Written Paper

Haemato-biochemical findings of indigenous goats in Mubi Adamawa State, Nigeria  [2010]

Addass, P.A. (Adamawa State Univ., Mubi (Nigeria). Animal Production Dept.) Midau, A. (Adamawa State Univ., Mubi (Nigeria). Animal Production Dept.) Babale, D.M. (Adamawa State Univ., Mubi (Nigeria). Animal Production Dept.)

استعراض النص الكامل

Haematological studies of common indigenous goats breeds found in Mubi kept under varying husbandry conditions was carried out aimed to determine the base line information of haematological parameter of these animals as influenced by breed, sex and age. Significant (P less than 0.001) breed, sex and age differences were evident on packed cell volume (PCV). West African Dwarf (WAD) goat had highest (57.44 plus minus 1.11) value, while similar values were observed on other breeds: Sokoto red (SR) goat (31.31 plus minus 0.87%), Kano brown (KB) goat (30.87 plus minus 0.56%), Borno white (BW) goat (31.74 plus minus 0.93%). Males had higher values than females on most parameters in this study. On haemoglobin concentration (Hb) SR, KB and BW had similar highest values than WAD goat. Highest Hb values (54.72 plus minus 2.36 g/dL) were recorded on age group 3 ½ -4 years followed by age group 2 ½ -3 years, while least values were on age group greater than or equal to 4 years. Significant (P less than 0.05) age group differences was observed on blood serum protein (BSP) with age group 1 ½ -2 years had the highest (66.59 plus minus 1.04 g/L) value and least (64.08 plus minus 0.61 g/L) value was on age group greater than or equal to 4 years. Significant sex variation were recorded on PCV, Red blood cell count (RBC) and mean corpuscular volume (MCV). With male goats having highest values: 38.93 plus minus 1.48%, 88.89 plus minus 0.76 x 10(12)/L and 3.64 plus minus 0.0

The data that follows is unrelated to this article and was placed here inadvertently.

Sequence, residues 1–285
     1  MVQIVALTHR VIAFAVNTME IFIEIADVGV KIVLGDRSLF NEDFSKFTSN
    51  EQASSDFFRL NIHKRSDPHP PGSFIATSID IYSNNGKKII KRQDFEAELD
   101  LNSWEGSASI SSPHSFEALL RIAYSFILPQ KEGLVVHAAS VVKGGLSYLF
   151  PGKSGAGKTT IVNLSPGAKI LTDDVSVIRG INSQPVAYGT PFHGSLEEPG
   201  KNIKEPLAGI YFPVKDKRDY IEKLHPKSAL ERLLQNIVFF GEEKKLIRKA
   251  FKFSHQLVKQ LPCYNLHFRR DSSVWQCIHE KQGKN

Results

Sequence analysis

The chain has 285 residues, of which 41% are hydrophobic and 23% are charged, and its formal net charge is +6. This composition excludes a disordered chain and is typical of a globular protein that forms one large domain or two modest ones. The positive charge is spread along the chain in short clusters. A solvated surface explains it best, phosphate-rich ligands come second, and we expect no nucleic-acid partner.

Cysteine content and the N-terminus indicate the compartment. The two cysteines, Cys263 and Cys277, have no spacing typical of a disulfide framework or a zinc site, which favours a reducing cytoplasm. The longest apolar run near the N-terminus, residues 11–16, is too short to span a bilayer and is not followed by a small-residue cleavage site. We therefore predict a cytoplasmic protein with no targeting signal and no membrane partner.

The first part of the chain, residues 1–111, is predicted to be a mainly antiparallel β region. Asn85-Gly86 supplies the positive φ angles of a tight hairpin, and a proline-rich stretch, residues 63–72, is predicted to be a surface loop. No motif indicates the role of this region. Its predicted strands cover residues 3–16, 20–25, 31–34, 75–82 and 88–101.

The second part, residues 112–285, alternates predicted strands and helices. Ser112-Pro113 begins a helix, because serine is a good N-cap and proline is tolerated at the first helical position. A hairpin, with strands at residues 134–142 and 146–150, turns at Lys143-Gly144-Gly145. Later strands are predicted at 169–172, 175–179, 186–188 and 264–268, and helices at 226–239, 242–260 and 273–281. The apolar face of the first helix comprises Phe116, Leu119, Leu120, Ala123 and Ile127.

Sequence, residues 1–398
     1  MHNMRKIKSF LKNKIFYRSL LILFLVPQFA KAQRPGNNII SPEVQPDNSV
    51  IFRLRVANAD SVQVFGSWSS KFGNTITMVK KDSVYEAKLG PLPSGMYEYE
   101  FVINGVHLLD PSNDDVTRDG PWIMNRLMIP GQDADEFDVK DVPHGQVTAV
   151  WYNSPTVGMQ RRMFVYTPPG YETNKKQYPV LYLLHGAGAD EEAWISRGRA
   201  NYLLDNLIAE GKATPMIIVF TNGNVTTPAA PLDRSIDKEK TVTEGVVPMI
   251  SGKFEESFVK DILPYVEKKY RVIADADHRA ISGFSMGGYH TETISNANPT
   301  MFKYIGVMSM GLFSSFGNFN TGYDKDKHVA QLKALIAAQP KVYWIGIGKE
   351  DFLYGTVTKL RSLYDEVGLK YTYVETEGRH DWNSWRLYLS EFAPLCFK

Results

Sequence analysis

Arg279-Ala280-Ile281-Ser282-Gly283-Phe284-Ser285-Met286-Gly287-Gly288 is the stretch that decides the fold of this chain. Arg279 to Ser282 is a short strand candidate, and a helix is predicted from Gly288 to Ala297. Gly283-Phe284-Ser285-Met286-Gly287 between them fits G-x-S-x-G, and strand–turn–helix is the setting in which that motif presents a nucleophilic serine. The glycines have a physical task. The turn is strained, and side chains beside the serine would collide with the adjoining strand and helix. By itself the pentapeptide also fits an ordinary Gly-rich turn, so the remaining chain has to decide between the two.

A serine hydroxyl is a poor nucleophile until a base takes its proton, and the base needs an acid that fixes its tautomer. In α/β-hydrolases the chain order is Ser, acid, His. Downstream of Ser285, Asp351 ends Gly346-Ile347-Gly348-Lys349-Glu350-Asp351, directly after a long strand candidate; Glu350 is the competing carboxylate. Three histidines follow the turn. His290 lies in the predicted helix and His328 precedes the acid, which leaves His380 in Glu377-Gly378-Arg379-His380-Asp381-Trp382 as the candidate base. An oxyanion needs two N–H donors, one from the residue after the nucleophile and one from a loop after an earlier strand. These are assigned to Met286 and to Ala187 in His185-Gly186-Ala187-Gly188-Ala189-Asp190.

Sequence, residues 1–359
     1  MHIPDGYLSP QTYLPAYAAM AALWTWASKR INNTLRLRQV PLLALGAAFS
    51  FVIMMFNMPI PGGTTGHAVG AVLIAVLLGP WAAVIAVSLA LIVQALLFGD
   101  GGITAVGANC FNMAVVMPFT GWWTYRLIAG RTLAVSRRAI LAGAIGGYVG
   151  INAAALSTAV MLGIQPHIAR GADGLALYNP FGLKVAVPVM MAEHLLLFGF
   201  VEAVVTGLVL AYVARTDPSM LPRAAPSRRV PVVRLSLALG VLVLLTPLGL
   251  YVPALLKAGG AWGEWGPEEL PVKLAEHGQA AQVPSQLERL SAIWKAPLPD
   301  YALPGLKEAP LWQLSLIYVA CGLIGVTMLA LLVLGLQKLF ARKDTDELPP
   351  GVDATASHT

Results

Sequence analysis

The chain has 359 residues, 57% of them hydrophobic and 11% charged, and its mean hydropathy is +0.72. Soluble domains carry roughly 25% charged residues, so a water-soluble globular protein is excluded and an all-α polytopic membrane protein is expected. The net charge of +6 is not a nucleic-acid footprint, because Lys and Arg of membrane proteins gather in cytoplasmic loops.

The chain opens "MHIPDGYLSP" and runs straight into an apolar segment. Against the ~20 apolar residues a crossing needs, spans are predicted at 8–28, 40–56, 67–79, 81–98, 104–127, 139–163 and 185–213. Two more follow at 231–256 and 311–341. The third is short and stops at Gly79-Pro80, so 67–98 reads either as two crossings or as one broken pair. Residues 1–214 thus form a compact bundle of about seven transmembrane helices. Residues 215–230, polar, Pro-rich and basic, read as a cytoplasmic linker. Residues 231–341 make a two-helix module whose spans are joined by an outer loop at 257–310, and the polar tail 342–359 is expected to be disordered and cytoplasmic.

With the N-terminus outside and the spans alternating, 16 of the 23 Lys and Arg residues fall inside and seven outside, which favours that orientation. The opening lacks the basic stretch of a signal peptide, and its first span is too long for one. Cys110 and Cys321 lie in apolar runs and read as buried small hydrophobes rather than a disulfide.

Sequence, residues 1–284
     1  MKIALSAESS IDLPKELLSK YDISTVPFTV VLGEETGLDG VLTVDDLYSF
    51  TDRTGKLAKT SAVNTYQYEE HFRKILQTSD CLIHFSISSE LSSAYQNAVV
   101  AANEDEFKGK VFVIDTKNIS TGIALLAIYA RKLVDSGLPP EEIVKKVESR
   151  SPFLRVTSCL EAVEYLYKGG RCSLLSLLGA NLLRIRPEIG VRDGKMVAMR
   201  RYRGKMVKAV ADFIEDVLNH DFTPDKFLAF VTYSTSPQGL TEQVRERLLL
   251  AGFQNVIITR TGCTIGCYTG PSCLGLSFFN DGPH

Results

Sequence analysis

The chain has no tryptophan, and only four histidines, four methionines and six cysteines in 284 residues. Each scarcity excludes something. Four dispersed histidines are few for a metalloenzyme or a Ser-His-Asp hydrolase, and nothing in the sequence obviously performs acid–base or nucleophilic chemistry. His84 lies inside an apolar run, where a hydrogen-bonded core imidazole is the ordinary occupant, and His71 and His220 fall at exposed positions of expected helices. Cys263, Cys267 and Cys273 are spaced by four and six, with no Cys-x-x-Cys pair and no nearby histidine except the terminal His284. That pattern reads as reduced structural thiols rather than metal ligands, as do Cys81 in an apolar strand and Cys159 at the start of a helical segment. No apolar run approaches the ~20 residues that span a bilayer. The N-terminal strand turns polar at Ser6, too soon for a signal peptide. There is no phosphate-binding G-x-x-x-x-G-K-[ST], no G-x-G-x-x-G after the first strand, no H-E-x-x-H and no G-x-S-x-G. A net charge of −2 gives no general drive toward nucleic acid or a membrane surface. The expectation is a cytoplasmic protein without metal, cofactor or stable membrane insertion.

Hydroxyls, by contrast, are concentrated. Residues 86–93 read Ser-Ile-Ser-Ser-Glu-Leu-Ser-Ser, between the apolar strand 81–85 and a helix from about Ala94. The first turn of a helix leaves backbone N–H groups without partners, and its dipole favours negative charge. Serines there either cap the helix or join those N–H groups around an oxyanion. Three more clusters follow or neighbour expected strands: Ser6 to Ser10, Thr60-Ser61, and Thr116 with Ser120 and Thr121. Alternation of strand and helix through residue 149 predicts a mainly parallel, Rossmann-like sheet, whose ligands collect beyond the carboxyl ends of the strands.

2fl, respectively. Generally it has been observed that animals in the area of study were found to be averagely healthier as shown by the non-significant differences of breed, age groups and sex on the white blood cells count (WBC). However extent of adaptation affects productivity and health status of goats.